The SG-1000 was first released to the Japanese market on July 15, 1983. Coincidentally, this is the exact same day that the Nintendo Famicom (Nintendo Entertainment System) was released in Japan, for ¥15,000. The console reached minor success in that market and sold moderately well within Asia until 1985. The system was launched in New Zealand as released by Grandstand Leisure Limited, Australia and in other countries, such as Italy, Spain, and South Africa. The console in its original form was never launched in North America.
Game manufacturer Tsukada Original produced the Othello Multivision, an SG-1000 clone. Bit Corp's Dina 2-in-1 ColecoVision clone was brought to North America by a company called Telegames. Telegames called its clone the Telegames Personal Arcade, which could play ColecoVision and SG-1000 games.
A caveat is the SG-1000's surprisingly wide availability on Taiwan's secondary market. This console is highly significant in Taiwan as one of its first and best-remembered consoles, where it was manufactured and sold (very briskly) under license as "阿羅士" ['Lou Shi']. This was striking in that in the same time period from 1983 to 1986, Famicom games were widely pirated as standalone and multi-carts (replete with rudimentary switch banks to select the active ROM), as well as no less than three different pirated versions of the Atari 2600 with boastful monikers characteristic of the times ("冒險家" ['Adventurer'], "賓果" ['Delight'], "強棒創造者" ['Steadfast Creator']).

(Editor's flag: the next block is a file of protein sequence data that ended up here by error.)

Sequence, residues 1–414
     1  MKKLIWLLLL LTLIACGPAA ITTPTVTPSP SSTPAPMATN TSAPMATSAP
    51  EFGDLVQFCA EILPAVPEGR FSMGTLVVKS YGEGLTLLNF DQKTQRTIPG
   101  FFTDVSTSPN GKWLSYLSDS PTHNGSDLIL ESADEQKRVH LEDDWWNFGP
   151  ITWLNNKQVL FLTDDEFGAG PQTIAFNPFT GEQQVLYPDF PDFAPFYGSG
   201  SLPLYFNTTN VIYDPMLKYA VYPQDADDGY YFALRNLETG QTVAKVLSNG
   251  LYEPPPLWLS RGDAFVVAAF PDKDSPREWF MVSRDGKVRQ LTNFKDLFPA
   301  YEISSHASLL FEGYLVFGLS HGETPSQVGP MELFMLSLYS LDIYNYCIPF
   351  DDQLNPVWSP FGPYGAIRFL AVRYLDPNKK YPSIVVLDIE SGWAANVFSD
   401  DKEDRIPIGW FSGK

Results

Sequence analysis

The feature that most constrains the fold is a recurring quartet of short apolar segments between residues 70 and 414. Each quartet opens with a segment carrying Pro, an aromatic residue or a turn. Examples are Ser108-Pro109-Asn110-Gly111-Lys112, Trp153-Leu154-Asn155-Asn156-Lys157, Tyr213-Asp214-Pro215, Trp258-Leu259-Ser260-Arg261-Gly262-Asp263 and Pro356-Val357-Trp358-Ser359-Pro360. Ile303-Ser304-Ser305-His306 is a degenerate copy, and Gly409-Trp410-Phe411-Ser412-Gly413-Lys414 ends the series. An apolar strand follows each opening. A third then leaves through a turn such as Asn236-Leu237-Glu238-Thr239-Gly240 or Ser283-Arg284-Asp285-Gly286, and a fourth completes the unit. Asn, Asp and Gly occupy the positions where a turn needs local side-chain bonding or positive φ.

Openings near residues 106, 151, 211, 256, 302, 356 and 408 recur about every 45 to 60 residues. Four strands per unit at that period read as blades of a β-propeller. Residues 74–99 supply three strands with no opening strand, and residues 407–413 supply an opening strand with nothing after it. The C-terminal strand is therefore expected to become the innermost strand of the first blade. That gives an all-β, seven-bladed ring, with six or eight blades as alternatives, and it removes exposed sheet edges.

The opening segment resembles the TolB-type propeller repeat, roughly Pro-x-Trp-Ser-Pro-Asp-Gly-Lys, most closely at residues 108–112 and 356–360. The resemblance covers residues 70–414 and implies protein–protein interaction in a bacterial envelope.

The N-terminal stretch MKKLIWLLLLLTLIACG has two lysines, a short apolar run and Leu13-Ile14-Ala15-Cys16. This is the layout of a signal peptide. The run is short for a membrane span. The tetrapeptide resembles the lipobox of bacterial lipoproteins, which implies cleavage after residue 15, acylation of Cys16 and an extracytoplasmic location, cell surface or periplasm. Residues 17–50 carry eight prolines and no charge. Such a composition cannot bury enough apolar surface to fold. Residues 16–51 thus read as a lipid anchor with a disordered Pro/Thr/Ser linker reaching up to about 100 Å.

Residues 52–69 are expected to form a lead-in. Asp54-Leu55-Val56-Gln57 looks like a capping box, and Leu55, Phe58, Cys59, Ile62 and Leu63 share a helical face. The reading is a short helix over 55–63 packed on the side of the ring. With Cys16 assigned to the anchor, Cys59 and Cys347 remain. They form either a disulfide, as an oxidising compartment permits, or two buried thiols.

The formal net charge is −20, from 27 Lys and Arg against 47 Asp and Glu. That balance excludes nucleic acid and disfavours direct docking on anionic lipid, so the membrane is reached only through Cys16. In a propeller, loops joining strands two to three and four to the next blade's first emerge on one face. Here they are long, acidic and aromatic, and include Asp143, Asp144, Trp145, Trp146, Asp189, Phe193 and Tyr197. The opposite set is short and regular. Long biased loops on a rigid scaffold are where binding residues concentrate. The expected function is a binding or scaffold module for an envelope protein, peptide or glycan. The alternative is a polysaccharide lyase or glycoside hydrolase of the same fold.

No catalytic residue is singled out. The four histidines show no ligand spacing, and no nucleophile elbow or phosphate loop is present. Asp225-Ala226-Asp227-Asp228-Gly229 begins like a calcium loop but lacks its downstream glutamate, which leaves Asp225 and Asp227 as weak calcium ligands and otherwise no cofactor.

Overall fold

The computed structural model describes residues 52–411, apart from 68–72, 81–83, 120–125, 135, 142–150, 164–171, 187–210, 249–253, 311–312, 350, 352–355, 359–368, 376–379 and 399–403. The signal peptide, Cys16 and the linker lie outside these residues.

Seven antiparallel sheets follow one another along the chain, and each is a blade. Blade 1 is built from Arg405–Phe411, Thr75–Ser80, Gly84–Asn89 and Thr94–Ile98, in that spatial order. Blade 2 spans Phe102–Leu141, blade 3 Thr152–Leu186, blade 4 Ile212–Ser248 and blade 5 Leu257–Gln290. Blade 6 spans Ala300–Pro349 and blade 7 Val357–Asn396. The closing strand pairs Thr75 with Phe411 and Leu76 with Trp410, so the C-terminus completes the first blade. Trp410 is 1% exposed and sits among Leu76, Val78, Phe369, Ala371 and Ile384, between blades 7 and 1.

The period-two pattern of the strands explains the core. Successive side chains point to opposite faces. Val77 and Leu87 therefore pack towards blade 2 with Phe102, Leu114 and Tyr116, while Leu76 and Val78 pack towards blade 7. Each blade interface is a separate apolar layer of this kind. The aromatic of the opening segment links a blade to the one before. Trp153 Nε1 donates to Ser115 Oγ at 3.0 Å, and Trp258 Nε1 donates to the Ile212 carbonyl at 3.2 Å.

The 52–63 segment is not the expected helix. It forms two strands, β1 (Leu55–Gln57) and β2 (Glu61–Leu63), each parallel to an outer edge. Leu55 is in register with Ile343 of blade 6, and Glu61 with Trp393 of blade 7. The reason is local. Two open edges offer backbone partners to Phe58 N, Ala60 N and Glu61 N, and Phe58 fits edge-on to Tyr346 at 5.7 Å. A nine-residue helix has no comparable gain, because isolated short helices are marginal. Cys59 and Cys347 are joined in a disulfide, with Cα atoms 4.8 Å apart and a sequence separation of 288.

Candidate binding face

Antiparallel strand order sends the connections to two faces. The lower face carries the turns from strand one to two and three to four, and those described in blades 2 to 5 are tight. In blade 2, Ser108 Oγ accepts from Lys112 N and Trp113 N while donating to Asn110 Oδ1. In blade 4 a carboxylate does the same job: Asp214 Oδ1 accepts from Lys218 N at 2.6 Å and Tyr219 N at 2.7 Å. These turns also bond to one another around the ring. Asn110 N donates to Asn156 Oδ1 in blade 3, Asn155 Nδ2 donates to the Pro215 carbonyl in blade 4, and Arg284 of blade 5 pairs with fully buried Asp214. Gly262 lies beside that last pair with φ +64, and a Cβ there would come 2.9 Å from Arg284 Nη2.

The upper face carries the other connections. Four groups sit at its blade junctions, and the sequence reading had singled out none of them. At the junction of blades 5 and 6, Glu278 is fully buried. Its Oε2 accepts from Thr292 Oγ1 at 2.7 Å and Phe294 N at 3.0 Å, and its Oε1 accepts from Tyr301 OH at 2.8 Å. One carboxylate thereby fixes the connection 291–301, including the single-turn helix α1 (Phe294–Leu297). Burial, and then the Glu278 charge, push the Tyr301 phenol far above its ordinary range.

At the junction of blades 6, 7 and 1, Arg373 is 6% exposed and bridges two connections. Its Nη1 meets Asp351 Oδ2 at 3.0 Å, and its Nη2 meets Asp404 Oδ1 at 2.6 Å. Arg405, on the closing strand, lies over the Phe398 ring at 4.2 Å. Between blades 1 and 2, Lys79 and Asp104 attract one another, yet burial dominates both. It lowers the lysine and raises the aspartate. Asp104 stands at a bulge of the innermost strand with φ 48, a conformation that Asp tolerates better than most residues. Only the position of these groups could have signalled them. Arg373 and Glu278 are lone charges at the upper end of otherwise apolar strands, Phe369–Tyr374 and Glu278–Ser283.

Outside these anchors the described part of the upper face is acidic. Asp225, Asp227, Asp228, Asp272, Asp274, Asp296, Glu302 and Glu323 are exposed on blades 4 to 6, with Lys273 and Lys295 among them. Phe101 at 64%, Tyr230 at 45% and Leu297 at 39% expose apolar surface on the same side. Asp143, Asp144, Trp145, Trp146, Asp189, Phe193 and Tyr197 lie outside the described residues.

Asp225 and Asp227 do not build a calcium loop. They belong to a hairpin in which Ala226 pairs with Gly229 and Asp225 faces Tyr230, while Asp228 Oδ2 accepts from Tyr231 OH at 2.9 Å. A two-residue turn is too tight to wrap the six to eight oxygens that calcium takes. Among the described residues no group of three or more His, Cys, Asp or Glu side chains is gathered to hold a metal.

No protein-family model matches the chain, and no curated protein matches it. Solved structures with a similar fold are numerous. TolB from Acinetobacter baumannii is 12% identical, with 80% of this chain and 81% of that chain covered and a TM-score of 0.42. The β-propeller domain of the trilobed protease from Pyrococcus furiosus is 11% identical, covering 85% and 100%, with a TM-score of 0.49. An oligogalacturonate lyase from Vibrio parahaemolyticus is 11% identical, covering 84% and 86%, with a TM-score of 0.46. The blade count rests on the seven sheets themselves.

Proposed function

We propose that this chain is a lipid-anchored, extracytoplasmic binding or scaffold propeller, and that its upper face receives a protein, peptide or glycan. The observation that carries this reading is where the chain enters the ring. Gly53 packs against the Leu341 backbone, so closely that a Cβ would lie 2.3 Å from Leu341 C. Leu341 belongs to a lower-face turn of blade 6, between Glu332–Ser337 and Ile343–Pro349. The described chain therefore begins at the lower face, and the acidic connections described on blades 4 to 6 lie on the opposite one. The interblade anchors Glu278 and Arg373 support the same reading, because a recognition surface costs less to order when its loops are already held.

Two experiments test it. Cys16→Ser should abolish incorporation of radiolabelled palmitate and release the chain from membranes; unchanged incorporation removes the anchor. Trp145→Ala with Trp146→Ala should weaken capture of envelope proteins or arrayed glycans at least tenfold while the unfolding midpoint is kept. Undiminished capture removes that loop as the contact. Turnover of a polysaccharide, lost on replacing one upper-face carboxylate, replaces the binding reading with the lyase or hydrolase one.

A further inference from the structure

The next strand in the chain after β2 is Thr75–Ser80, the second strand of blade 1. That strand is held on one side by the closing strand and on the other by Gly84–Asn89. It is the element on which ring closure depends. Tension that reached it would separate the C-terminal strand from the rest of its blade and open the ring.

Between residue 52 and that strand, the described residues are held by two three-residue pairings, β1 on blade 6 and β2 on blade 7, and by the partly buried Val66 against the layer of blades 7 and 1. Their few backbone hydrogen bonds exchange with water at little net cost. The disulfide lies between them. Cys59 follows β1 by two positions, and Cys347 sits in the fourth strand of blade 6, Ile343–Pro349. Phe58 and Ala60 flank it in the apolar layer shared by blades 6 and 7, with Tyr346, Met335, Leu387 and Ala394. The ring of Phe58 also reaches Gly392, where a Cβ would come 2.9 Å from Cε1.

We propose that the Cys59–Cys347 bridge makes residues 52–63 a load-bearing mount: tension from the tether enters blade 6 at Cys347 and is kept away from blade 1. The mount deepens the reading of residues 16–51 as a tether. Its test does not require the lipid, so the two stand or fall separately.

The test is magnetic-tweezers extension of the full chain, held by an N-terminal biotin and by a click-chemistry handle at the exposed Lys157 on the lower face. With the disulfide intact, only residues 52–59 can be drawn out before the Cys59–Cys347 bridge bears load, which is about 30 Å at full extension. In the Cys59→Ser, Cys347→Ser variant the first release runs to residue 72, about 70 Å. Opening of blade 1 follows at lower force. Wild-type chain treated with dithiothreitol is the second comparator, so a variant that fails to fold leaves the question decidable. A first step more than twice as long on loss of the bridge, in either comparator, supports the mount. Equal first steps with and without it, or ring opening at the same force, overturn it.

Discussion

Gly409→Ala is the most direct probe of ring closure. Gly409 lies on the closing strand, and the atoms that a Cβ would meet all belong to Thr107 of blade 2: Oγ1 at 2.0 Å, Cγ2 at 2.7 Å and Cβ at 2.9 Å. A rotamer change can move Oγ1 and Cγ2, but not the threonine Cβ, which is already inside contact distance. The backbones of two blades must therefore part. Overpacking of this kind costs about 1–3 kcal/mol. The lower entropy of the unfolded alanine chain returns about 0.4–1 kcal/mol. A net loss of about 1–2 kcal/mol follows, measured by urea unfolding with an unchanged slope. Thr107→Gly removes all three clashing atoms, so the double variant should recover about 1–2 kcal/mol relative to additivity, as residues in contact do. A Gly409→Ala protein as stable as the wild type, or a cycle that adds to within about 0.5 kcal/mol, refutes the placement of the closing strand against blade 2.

Taiwan, among a few other countries, also received a "Mark IV" version of the console (most likely a modified Sega Master System II) and the Mark naming convention was further extended to the Mega Drive/Genesis ('Mark V')." (Wikipedia)
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